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Chocolate, why do think the odds are higher in favour of a stock going up by 50% than down by 50%?
That is a good point. If you consider movement of a stock as some kind of random walk, both seem equally likely. I guess my counter-argument would be as follows:

Suppose a stock is equally likely to lose 50% as gain 50%. Let T(1) be time zero. Write down the stock price at time T(1). Let T(2) be the first time when the price of the stock has halved or doubled. Write down the new price. When the stock next doubles or halves from this new price, call it time T(3) etc. By time T(n), the stock will have halved about n/2 times and doubled about n/2 times. Its price will be approximately:

((0.50)^(n/2)) x ((1.50)^(n/2))

And here's the crunch:

0.50 * 1.50 = 0.75.

So its average price at time T(n) is (0.75 ^ (n/2)) times its original price, so on our original assumption, the company would most certainly go broke.

This is why I was complaining in my original thread that the same argument applies to me and implies that I am almost certainly going to lose all my money. But that's not fair. Surely something's wrong in the above argument. And I think I have resolved my own paradox.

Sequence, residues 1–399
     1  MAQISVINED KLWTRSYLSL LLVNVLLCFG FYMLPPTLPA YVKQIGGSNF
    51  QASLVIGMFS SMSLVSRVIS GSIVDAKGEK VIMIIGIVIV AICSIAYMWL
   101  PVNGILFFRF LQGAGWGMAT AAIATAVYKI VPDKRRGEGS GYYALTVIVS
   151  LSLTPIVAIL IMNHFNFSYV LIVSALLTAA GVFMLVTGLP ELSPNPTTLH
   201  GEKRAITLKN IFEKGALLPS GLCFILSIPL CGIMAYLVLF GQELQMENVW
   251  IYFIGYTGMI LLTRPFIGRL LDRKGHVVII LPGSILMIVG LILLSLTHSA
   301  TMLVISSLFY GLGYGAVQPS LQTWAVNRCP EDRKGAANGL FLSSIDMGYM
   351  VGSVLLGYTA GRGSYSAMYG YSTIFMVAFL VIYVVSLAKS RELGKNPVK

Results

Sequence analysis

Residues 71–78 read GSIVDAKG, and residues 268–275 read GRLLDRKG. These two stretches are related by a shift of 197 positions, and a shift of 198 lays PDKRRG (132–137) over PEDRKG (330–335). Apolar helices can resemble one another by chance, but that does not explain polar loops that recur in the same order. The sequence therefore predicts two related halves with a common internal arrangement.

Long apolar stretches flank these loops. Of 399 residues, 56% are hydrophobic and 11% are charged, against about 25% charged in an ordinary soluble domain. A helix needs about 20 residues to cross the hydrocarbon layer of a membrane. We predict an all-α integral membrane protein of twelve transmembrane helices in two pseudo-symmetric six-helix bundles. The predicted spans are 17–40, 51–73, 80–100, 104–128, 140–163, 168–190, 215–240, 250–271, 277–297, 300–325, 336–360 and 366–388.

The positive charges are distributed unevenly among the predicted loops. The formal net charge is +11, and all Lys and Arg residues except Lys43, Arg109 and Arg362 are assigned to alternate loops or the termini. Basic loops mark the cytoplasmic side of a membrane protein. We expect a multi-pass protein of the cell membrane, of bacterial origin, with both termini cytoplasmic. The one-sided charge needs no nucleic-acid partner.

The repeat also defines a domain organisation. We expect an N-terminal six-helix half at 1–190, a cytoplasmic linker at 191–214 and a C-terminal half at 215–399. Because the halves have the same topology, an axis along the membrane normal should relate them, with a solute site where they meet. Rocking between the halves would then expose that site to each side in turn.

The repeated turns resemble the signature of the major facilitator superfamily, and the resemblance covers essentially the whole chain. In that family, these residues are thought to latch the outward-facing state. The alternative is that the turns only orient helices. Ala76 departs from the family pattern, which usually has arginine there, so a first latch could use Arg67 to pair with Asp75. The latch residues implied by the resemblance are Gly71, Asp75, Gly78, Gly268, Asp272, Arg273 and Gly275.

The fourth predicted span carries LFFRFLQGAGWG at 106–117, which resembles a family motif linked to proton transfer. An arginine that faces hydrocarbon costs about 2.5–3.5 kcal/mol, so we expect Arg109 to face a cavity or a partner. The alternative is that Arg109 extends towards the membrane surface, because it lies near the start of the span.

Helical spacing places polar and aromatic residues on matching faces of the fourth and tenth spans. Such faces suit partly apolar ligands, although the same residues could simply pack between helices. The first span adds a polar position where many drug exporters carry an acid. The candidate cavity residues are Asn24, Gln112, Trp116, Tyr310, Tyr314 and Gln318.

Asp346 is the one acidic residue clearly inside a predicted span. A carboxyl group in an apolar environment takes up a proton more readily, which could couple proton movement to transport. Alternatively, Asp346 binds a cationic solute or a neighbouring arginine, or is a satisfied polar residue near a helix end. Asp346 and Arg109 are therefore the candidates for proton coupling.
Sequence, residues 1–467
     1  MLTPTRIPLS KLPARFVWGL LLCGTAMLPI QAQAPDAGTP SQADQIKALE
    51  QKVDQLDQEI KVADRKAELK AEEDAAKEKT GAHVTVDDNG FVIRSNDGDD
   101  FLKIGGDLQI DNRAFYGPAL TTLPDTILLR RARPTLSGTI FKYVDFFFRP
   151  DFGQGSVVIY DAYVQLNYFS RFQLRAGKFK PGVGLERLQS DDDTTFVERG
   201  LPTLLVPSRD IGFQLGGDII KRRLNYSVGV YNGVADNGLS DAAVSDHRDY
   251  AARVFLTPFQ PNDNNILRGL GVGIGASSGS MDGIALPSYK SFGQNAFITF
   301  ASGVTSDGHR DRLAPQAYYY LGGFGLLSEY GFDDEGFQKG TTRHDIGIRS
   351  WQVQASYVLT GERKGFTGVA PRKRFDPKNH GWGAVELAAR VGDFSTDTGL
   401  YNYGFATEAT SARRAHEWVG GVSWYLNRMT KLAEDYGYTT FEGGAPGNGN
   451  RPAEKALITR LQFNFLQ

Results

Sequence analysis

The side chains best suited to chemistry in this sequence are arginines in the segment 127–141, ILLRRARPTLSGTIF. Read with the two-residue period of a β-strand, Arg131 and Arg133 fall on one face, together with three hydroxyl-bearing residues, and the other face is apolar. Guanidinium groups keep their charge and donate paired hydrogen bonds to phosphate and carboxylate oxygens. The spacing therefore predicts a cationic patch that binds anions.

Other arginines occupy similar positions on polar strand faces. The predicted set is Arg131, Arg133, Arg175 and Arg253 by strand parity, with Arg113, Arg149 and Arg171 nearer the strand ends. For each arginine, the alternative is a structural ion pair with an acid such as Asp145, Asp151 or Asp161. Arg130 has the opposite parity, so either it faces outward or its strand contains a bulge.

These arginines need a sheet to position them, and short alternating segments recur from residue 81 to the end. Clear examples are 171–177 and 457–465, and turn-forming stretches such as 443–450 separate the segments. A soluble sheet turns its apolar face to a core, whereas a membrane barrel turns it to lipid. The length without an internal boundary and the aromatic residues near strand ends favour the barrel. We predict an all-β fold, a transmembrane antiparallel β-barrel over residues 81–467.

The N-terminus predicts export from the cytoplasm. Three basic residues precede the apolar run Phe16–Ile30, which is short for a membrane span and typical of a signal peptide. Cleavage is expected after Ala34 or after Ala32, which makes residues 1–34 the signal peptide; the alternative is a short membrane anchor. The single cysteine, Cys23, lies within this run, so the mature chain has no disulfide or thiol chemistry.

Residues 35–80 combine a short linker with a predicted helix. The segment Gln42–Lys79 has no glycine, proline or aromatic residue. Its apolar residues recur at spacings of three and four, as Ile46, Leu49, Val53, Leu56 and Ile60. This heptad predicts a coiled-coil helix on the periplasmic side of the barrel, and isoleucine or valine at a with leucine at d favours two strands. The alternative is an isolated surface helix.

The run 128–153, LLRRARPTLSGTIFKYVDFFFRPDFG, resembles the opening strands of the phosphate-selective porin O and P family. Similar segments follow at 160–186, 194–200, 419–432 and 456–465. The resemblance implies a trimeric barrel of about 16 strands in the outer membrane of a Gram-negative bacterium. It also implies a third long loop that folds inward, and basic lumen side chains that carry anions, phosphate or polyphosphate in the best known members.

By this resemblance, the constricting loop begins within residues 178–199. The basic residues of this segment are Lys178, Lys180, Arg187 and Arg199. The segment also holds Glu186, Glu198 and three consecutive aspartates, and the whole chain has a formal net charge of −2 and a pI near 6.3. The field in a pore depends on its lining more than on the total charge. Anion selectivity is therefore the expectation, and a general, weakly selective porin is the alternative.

Yes, I am almost certainly going to lose all my money in the long time because of the above.
BUT if you go through the above argument more carefully and work out the _AVERAGE_ price at time T(n) we find that it is actually the same as the original price. (Use binomial co-efficients to work out probabilities; sorry for technicalities)

Basically, I am almost certainly going to go broke, but I have only a finite amount to lose and an infinite amount to gain, so I may be broke with probability 99%, but with prob. 1% I have 100 times as much money.

SO, how to avoid going broke!?

(I've been betting on small amounts and lost 90% of what I had two weeks ago having doubled my money in the two weeks before that.)

Sorry for the rant.
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I've been thinking about this a bit further and realised something.

So far in trading, I have have rarely used stops, simply because if a stop is filled, it stops you out at a really bad price, quite likely the low of the day or something. My philosophy in the past has generally been: place a trade and if at all possible, try to exit that trade at a profit. Of course, this means that I lose lots of money with a small probability and little with a large probability.

Now, as is probably well known among members, most pros tend to admit that most of their trades are losing ones, but their winners are big and their losers small. They must have discovered this rule of thumb through their experience, but there is no other way. I you want to make money, you must rely on size of winners and NOT quantity. If not, then your chances of success are much less. WHY?